The First Narnia Reviews
The first screening of The Lion, the Witch, and the Wardrobe was held last night in Southern California. While many of the special effects were not completed and only 30 minutes of the film has been scored, the reviews are very in depth. This first review has also been posted at AICN but the reviewer also posted it here for us and gave us an extra-geeky footnote.
Review By Bellweather
My wife and I were just getting back from attending North by Northwest in Bakersfield, when we heard about a “test screening of an upcoming Disney holiday film.” Hedging our bets that it wasn’t Casanova or Chicken Little, we grabbed passes and showed up several hours early to the Edwards theatre in La Verne, California. Our guess was correct, and we were part of the first audience in the world to see “The Chronicles of Narnia: The Lion, the Witch, and the Wardrobe.”
As big C.S. Lewis fans, we were amazed and completely thrilled by the movie. I’ll avoid plot spoilers for those few who haven’t read the books, but suffice it to say, the movie kept quite close to the plot of the book. There were a few places where the story was streamlined to make it more amenable to the format, but overall there was little that I missed!
The movie opens in 40s London during the Blitz–the introduction beautifully illustrates the terrible atmosphere of the time. The CG here was fantastic–I was on the edge of my seat from the first minute of the movie. The detailing of the opening setting, from the wartime posters to the period costuming was wonderful. It really seemed like we were looking in a window to the 1940s.
There were two real standout performances–Tilda Swinton as Jadis, and Georgie Henley as Lucy. Tilda brought immense talent and presence to her role. In comparision, Aslan (Liam Neeson) seemed unfortunately tame. Jadis was powerful and scary when she needed to be, and always commanded the screen when she was present.
Lucy was wonderfully portrayed by Georgie Henley who conveyed the sense of wonder and magic that Narnia was all about. In her eyes, I saw myself reading the books for the first time and dreaming of a land of fauns and centaurs, and ancient magic.
The other children were capably portrayed–I was bit disappointed with Susan, who was a bit whinier than I would have expected.
The special effects were very raw and incomplete–many scenes involved actors wearing green pants where SFX would be later added, or backdrops that were incomplete or non-existent. That said, the SFX that were complete were wonderful. The fantastic characters of Lewis’ world were very capably brought to life–my favorite has to be the faun’s legs, and the distinct goat-like walk.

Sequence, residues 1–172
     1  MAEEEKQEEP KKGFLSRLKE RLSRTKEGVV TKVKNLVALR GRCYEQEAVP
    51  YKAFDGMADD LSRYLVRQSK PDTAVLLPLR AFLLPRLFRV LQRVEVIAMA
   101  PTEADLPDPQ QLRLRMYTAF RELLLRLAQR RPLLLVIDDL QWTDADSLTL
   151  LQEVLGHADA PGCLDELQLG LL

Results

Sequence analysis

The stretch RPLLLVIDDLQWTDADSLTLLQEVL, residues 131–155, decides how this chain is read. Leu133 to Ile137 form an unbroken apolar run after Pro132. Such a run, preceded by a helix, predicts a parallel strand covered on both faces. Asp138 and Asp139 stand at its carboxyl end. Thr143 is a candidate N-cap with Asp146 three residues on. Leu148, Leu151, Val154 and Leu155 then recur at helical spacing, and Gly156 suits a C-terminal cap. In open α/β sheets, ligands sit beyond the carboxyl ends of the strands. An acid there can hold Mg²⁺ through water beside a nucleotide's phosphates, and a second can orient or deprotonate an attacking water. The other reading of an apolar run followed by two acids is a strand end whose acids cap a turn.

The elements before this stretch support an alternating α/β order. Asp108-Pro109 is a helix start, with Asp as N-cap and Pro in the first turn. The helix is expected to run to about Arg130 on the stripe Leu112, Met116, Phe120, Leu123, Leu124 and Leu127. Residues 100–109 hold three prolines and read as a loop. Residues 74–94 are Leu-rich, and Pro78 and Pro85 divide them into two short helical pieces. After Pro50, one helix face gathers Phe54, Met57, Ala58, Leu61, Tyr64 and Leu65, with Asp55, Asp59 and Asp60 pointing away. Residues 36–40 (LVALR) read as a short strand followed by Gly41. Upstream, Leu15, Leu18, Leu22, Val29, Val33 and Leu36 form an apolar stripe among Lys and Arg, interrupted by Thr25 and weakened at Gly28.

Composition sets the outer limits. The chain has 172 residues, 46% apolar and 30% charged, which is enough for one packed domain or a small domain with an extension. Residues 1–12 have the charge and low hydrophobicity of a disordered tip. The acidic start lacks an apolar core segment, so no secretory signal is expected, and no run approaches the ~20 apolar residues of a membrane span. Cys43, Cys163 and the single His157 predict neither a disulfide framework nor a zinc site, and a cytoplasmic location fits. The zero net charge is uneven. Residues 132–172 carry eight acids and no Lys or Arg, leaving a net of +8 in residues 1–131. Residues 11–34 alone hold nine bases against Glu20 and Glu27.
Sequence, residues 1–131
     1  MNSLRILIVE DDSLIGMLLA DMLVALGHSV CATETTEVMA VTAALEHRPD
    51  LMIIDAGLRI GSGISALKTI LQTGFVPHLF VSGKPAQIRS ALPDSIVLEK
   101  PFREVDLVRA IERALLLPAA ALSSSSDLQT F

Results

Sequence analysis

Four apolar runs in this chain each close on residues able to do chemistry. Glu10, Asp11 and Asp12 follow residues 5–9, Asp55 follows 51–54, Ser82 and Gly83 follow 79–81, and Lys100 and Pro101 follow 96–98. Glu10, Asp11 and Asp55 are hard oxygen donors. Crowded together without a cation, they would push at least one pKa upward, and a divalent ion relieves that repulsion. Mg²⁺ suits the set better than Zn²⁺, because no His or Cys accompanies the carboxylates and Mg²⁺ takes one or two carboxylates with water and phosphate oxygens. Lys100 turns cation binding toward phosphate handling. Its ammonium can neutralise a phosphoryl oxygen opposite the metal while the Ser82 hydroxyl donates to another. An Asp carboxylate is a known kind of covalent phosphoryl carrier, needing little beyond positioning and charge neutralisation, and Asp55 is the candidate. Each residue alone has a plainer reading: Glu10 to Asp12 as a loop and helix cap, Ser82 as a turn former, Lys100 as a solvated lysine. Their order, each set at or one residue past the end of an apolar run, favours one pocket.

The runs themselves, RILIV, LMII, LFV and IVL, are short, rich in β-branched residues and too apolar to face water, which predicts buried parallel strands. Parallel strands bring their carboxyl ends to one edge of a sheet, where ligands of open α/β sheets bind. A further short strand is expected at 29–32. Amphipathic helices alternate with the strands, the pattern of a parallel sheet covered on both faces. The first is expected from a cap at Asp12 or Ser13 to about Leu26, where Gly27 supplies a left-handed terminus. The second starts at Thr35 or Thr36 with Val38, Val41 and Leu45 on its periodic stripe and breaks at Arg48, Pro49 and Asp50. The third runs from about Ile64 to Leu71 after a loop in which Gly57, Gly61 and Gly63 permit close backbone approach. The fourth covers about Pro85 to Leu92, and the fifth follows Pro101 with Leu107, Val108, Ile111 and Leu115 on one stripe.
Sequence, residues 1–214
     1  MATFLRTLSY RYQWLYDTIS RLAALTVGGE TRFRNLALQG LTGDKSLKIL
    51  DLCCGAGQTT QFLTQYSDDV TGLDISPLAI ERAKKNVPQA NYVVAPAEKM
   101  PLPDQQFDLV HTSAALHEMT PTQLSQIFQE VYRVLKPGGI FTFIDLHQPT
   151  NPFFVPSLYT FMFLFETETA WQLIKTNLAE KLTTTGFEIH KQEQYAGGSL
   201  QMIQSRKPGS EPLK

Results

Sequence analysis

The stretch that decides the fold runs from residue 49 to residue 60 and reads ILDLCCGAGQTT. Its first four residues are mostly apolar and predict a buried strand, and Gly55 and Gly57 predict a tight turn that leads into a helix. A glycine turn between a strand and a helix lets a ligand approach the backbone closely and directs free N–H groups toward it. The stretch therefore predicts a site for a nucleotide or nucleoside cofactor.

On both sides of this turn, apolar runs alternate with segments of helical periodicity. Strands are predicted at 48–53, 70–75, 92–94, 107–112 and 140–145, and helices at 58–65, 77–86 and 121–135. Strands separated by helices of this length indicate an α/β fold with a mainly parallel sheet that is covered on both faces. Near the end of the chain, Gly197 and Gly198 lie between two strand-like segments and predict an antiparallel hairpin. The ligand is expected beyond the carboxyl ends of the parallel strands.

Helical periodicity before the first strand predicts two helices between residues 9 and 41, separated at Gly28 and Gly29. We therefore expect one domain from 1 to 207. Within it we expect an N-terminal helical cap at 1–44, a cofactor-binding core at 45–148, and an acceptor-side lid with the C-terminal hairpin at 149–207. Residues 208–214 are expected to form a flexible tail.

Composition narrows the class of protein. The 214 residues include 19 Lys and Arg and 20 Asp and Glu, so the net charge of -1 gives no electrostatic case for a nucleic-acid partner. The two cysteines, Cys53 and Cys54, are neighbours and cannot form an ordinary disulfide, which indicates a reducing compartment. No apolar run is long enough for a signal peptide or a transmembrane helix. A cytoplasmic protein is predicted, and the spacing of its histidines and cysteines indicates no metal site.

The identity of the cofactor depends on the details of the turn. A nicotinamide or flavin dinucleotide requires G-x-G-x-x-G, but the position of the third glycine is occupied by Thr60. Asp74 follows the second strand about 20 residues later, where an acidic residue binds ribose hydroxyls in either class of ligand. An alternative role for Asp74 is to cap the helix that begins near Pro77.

Only thirty minutes of the film had been scored. The classical score that we heard was quite good. The soundtrack however, was bizarre. Electronica pieces filled in several major scenes, and it seemed out of place and wrong. As my wife said, “Bjork does not belong in Narnia.” If these pieces are not temporary, I fear that CoN:tLtWatW (whew!) may be prematurely dated (anyone watched Ladyhawk recently?)
Results of the Test panel:
My wife and I and a friend were picked to take part in the panel after the film. The major feedback from the panel was that the film was excellent (21/26 rated Excellent, 4 rated Very Good, 1 Good rating). Everyone felt that the movie captured the spirit of the book. Some of the panel were more than a little harsh of Disney’s past efforts–which was amusing to me, given that the rows behind us were filled with film studio people who did not look particularly pleased with these comments.
This movie more than captures the magic of Lewis’ Narnia, and is destined to be a classic film. I will be first in line to see it again when it opens, and it will be a permanent addition to my movie collection. That said, I urge you all to see it on the big screen. Anything less will not do justice to the epic scale of the film. It is certainly one large wardrobe.
I’ll add here for the Narnia-geeks. The major complaint of the Narnia-experts in the panel was that during the coronation scene, the children are not crowned in the name of the Emperor beyond the Sea, but rather in the name of the four winds and their powers. [It has been since announced that the “four winds” line has been removed from the film. Never fear…]
My personal irk was that the narcotic and addictive power of Jadis’ turkish delights is not adequately conveyed. Edmund wants sweets–but does not appear to be supernaturally affected by them. However, it doesn’t really detract substantially from the film!
One more review posted at Ain’t It Cool News.